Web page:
Cabinet clears the Data Protection Bill

The legislation will mark the beginning of a new privacy regime in India.

Cabinet clears the Data Protection Bill

The Union Cabinet has cleared the Personal Data Protection Bill 2018. The bill, India’s own privacy protection bill, on the lines of UK Data Protection Bill and European GDPR, will be introduced in the ongoing (winter) session of Parliament.

This marks the beginning of the final phase in the journey towards enacting of an Indian privacy legislation that began in July 2017, with the constitution of an experts committee under the Chairmanship of Justice B N Srikrishna, former judge of Supreme Court of India, to identify key data protection issues in India and to ‘make specific suggestions for consideration of the Central Government on principles to be considered for data protection in India and suggest a draft data protection bill.’

But what really accelerated the creation of a legislation is a historic judgment by a nine-judge bench of the Supreme Court, on 24 August 2017, that right to privacy is a fundamental right.

“The right to privacy is protected as an intrinsic part of the right to life and personal liberty under Article 21 and as a part of the freedoms guaranteed by Part III of the Constitution,” the bench ruled in its order while over-ruling two earlier decisions by the apex court. The government had argued against privacy being a fundamental right.

CIO&Leader and CSO Forum have always highlighted the need for such a legislation and have focused on the issue. In October 2017, in a story, titled Are You Ready For A Data Protection Regime?, CIO&Leader listed the possible issues that could be considered while drafting a data protection legislation in India.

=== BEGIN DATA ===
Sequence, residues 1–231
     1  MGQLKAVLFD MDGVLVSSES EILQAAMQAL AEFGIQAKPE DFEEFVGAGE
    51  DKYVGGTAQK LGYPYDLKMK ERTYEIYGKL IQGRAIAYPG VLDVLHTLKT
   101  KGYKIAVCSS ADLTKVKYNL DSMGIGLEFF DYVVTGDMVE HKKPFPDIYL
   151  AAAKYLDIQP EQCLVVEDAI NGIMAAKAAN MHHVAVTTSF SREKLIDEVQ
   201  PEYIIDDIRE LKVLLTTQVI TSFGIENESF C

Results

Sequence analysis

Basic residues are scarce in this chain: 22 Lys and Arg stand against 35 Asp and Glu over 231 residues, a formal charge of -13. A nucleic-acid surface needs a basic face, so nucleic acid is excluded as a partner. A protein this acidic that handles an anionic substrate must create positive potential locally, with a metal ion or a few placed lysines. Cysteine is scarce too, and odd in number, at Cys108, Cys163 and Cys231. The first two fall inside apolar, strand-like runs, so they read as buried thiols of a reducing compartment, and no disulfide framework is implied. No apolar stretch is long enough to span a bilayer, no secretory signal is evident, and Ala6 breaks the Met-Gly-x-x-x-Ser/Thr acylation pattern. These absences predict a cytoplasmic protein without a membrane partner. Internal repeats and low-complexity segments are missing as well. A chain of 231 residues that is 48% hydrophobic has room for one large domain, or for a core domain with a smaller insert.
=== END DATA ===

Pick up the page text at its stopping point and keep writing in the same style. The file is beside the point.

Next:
The expert committee published a whitepaper on data protection issues in December that year, inviting public comments on the issues. Based on the consultation, the committee submitted its report and a draft data protection bill in August 2018—exactly a year after the SC judgment—and invited comments on it within two months.

Considering that the CISOs are an important stakeholder in complying with the data protection laws, CSO Forum organized a roundtable of top CISOs immediately after the draft bill was released to capture their suggestion and submitted it to the committee. It created a special magazine issue on the subject, which can be read here.

The Indian draft data protection bill caught global attention because of a few reasons. One, it insisted on all organizations dealing with personal data of Indians to have one copy of that data within the shores of India, which was considered unusual and was criticized by many. Two, unlike the GDPR and UK Data Protection Act, the Indian draft bill was comparatively softer on government agencies when it comes to the rights of data owners, as compared to private organizations.

Earlier this year, some media reports claimed that the government was diluting some of the data residency conditions (keeping data in India) with only critical data being required to be in India but the ministry of electronics and IT, in a statement, dismissed the claims and called these media reports speculative.

The final bill draft is not yet known.

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